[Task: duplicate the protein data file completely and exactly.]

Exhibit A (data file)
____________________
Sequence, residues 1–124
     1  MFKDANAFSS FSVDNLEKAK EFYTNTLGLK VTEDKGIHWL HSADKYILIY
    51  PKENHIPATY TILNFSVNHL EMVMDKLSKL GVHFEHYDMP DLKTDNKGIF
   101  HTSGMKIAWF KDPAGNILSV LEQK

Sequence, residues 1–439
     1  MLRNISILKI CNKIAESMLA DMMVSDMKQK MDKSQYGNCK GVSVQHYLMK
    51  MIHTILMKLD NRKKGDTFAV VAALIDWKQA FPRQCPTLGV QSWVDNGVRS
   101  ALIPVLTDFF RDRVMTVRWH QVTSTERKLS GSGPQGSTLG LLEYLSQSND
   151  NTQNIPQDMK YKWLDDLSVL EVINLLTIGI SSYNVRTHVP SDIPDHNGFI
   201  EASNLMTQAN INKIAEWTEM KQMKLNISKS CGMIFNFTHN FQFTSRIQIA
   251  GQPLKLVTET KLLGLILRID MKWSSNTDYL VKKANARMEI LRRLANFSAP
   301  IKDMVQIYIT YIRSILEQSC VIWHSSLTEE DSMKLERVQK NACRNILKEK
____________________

Sequence, residues 1–124
     1  MFKDANAFSS FSVDNLEKAK EFYTNTLGLK VTEDKGIHWL HSADKYILIY
    51  PKENHIPATY TILNFSVNHL EMVMDKLSKL GVHFEHYDMP DLKTDNKGIF
   101  HTSGMKIAWF KDPAGNILSV LEQK

Sequence, residues 1–439
     1  MLRNISILKI CNKIAESMLA DMMVSDMKQK MDKSQYGNCK GVSVQHYLMK
    51  MIHTILMKLD NRKKGDTFAV VAALIDWKQA FPRQCPTLGV QSWVDNGVRS
   101  ALIPVLTDFF RDRVMTVRWH QVTSTERKLS GSGPQGSTLG LLEYLSQSND
   151  NTQNIPQDMK YKWLDDLSVL EVINLLTIGI SSYNVRTHVP SDIPDHNGFI
   201  EASNLMTQAN INKIAEWTEM KQMKLNISKS CGMIFNFTHN FQFTSRIQIA
   251  GQPLKLVTET KLLGLILRID MKWSSNTDYL VKKANARMEI LRRLANFSAP
   301  IKDMVQIYIT YIRSILEQSC VIWHSSLTEE DSMKLERVQK NACRNILKEK